Community-based interventions to promote management for older people: an integrative review

Authors

  • Sakuntala Anuruang RN,

    PhD Candidate, Corresponding author
    1. Faculty of Health, University of Technology, Sydney, Australia
    • Correspondence: Sakuntala Anuruang, PhD Candidate, Faculty of Health, University of Technology, Sydney, PO Box 123, Broadway, NSW 2007 Australia. Telephone: +61 (0) 423062498.

      E-mail: Sakuntala.Anuruang@student.uts.edu.au

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  • Louise D Hickman PhD, RN,

    Senior Lecturer
    1. Faculty of Health, University of Technology, Sydney, Australia
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  • Debra Jackson PhD, RN,

    Associate Head, Professor
    1. Faculty of Health, University of Technology, Sydney, Australia
    2. World Health Organization Collaborating Centre for Nursing, Midwifery & Health Development, University of Technology, Sydney, Australia
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  • Tessa Dharmendra Master of Human Rights, BA (Sociology),

    Project Manager
    1. Faculty of Health, University of Technology, Sydney, Australia
    2. Centre for Cardiovascular & Chronic Care, University of Technology, Sydney, Australia
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  • Jane Van Balen MMus.St. (Pedagogy), BA (Lib.Sc),

    Information Services Librarian
    1. University of Technology, Sydney, Australia
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  • Patricia M Davidson PhD, RN

    Director, Professor
    1. Faculty of Health, University of Technology, Sydney, Australia
    2. Centre for Cardiovascular & Chronic Care, University of Technology, Sydney, Australia
    3. Cardiovascular Nursing Research, St Vincent's Hospital, Sydney, Australia
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Abstract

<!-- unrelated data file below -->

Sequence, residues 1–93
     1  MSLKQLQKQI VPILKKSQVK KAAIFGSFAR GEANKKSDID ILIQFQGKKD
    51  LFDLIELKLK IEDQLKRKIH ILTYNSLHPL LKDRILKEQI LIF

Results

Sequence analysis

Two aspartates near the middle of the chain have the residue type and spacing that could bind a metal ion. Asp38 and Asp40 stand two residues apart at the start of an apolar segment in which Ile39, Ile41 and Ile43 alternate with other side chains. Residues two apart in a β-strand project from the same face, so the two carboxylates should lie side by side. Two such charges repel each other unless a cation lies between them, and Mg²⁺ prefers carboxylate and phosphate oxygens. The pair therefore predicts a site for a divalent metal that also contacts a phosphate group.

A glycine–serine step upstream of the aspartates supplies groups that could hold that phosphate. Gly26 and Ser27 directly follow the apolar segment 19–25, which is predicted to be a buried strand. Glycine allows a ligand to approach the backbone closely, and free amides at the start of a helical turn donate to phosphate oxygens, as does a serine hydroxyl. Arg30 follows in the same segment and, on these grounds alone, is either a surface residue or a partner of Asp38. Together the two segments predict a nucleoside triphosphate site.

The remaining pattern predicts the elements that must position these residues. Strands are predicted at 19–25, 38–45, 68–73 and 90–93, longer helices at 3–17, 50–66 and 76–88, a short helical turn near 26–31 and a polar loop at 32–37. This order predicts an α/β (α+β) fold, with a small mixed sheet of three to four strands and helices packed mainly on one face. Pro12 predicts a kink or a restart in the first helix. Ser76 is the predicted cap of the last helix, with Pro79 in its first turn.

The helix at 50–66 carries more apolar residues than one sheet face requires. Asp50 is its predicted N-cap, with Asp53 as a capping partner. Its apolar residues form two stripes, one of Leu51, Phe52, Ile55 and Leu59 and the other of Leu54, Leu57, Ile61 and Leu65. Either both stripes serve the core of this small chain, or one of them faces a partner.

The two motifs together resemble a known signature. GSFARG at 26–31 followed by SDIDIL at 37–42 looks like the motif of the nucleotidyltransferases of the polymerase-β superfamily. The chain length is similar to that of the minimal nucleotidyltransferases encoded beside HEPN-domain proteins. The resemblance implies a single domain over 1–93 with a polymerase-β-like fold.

Aims and objectives

To review community programmes promoting self-care or self-management for older people with chronic disease in Thailand.

Background

Identifying successful elements of culturally appropriate and effective community-based interventions to promote self-care with chronic illness is increasingly important.

Design

Integrative review.

Data sources

CINAHL, Medline, Health Source Nursing Academic databases.

Methods

Integrative review of peer-reviewed articles written between 1946–2012. Articles were included if they described self-care, self-management, chronic disease and community care interventions targeting older people in Thailand.

Results

Of the 58 articles retrieved, only 13 articles met the eligibility criteria. Elements of effective interventions included: (1) providing culturally sensitive information, (2) including approaches of shared decision-making and mutual goal setting and (3) flexibility within the intervention to adapt to participant needs.

Conclusions

Shared decision-making and mutual goal setting between interventionists and patients improved health behaviours and outcomes. Moreover, the flexibility to adopt the intervention to local characteristics demonstrated positive results.

Relevance to clinical practice

Promoting effective self-care and self-management behaviours is critical to improving outcomes for chronic conditions. The tailoring and targeting of interventions appropriate to individuals and communities are likely to be most effective in leveraging behaviour change. This review has identified that mutual goal setting improved health behaviours. The flexibility to adopt self-care interventions to community-based settings showed improved patient outcomes.

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